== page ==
Once, a young boy, named Niulang (cowherd), chanced upon a beautiful girl, Zhinu (weavergirl), who was the seventh daughter of the Goddess in Heaven. Niulang, being bored in Heaven, escaped to earth in search of excitement. Zhinu and Niulang soon fell in love and so got married. They lived happily for many a year and had two wonderful children.  Their happiness was interrupted however when the Goddess of Heaven found out that Zhinu was missing and, furthermore, had married a mere mortal. Furious, she forced the fairy Zhinu to return to heaven and resume her former duty of weaving colourful clouds, a task which she’d neglected while living in bliss on earth with the mortal.

Meanwhile back on earth, Niulang was upset and missed his wife terribly since the day she’d gone missing. Taking pity on Niulang, the ox spoke up and told Niulang that if he killed the ox and put on its hide, he would be able to go up to Heaven and find his wife. Niulang, sobbing bitterly, did as he was told and he and his children arrived in Heaven and begun searching for Zhinu. The Goddess learned of this and was again infuriated. Removing her hairpin she scratched a wide river in the sky, forming the Milky Way stretching from Altair and Vega, and so permanently separating the lovers. From then on Zhinu was constrained to sit on one side of the river, mournfully weaving on her loom, while Niulang, caring for the children, watched her from afar.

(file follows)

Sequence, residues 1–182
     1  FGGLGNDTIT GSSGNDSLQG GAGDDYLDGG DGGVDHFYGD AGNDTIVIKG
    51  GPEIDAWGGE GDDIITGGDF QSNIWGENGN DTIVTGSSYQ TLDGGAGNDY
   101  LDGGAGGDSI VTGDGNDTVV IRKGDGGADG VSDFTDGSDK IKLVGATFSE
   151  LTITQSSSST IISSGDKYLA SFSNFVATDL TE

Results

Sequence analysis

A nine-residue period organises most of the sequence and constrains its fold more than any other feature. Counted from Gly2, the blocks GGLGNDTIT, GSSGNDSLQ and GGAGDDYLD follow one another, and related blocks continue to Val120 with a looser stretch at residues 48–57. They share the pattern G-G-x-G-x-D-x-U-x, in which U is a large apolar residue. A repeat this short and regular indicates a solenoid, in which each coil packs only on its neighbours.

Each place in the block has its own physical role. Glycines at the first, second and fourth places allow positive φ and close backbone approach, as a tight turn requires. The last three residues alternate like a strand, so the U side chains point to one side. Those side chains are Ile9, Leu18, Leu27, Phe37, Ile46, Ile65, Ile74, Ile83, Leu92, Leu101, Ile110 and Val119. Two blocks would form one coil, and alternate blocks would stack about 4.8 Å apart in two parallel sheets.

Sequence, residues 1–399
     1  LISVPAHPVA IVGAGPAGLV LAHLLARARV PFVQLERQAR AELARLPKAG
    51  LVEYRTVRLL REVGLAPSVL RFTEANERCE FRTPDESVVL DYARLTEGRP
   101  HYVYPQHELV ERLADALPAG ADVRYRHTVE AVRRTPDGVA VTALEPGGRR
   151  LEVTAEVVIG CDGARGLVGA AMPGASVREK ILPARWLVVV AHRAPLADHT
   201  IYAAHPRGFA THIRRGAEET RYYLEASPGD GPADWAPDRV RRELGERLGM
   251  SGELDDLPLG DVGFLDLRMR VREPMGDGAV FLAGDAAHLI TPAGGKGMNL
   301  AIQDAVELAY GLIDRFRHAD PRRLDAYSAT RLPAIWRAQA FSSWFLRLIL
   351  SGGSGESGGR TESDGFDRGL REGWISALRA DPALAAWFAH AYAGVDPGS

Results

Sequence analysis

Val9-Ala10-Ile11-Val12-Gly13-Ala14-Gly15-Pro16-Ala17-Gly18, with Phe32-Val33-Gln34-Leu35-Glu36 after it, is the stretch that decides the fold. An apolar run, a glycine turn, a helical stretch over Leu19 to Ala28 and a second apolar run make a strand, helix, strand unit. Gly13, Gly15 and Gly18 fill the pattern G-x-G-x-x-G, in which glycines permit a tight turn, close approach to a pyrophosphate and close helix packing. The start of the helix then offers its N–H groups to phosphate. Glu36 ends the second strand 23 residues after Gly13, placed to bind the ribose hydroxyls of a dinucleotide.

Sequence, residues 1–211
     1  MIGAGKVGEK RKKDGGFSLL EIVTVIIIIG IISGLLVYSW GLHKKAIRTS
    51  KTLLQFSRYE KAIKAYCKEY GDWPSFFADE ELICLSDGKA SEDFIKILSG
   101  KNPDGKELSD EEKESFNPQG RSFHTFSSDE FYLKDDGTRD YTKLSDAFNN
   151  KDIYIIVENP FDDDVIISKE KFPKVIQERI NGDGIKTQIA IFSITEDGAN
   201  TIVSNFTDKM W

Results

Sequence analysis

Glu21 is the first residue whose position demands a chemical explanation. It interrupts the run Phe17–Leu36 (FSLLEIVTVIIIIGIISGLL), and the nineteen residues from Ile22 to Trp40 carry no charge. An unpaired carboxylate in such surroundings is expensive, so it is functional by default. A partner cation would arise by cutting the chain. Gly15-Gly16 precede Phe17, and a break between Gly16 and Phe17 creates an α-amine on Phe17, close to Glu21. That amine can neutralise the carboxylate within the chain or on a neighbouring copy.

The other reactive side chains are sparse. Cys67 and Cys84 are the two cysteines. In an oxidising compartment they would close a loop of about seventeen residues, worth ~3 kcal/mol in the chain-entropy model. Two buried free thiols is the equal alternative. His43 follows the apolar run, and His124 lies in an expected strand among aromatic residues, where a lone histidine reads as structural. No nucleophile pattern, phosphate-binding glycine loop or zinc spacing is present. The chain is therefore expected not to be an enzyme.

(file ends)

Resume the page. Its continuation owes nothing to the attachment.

Magpies in the world however took pity on them and once a year, on the seventh night of the seventh moon, they would all fly up to heaven to form a bridge over the star Deneb in the Cygnus constellation so that the lovers may be reunited, if only for a single night. What a wonderful expression of romantic love!

Where ever you are, whatever country, whatever you call it, it being all the same, I wish you all a very Happy Valentine’s Day!

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One response to “The World Celebrations of Valentine’s Day

  1. Reblogged this on Notable Inklings and commented:

    Happy Valentine’s Day Everyone.